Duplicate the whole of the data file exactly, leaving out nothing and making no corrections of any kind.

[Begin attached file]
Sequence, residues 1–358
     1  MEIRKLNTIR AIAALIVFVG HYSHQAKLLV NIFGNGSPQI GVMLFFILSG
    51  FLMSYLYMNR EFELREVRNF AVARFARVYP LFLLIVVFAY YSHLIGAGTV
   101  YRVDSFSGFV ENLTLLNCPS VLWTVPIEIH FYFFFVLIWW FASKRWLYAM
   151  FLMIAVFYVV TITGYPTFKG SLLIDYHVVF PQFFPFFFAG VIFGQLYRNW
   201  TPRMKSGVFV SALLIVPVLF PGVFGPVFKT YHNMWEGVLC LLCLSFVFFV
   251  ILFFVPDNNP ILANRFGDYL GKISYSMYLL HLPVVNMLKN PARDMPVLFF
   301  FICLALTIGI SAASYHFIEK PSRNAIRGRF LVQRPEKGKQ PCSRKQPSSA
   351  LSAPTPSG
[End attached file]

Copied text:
Sequence, residues 1–358
     1  MEIRKLNTIR AIAALIVFVG HYSHQAKLLV NIFGNGSPQI GVMLFFILSG
    51  FLMSYLYMNR EFELREVRNF AVARFARVYP LFLLIVVFAY YSHLIGAGTV
   101  YRVDSFSGFV ENLTLLNCPS VLWTVPIEIH FYFFFVLIWW FASKRWLYAM
   151  FLMIAVFYVV TITGYPTFKG SLLIDYHVVF PQFFPFFFAG VIFGQLYRNW
   201  TPRMKSGVFV SALLIVPVLF PGVFGPVFKT YHNMWEGVLC LLCLSFVFFV
   251  ILFFVPDNNP ILANRFGDYL GKISYSMYLL HLPVVNMLKN PARDMPVLFF
   301  FICLALTIGI SAASYHFIEK PSRNAIRGRF LVQRPEKGKQ PCSRKQPSSA
   351  LSAPTPSG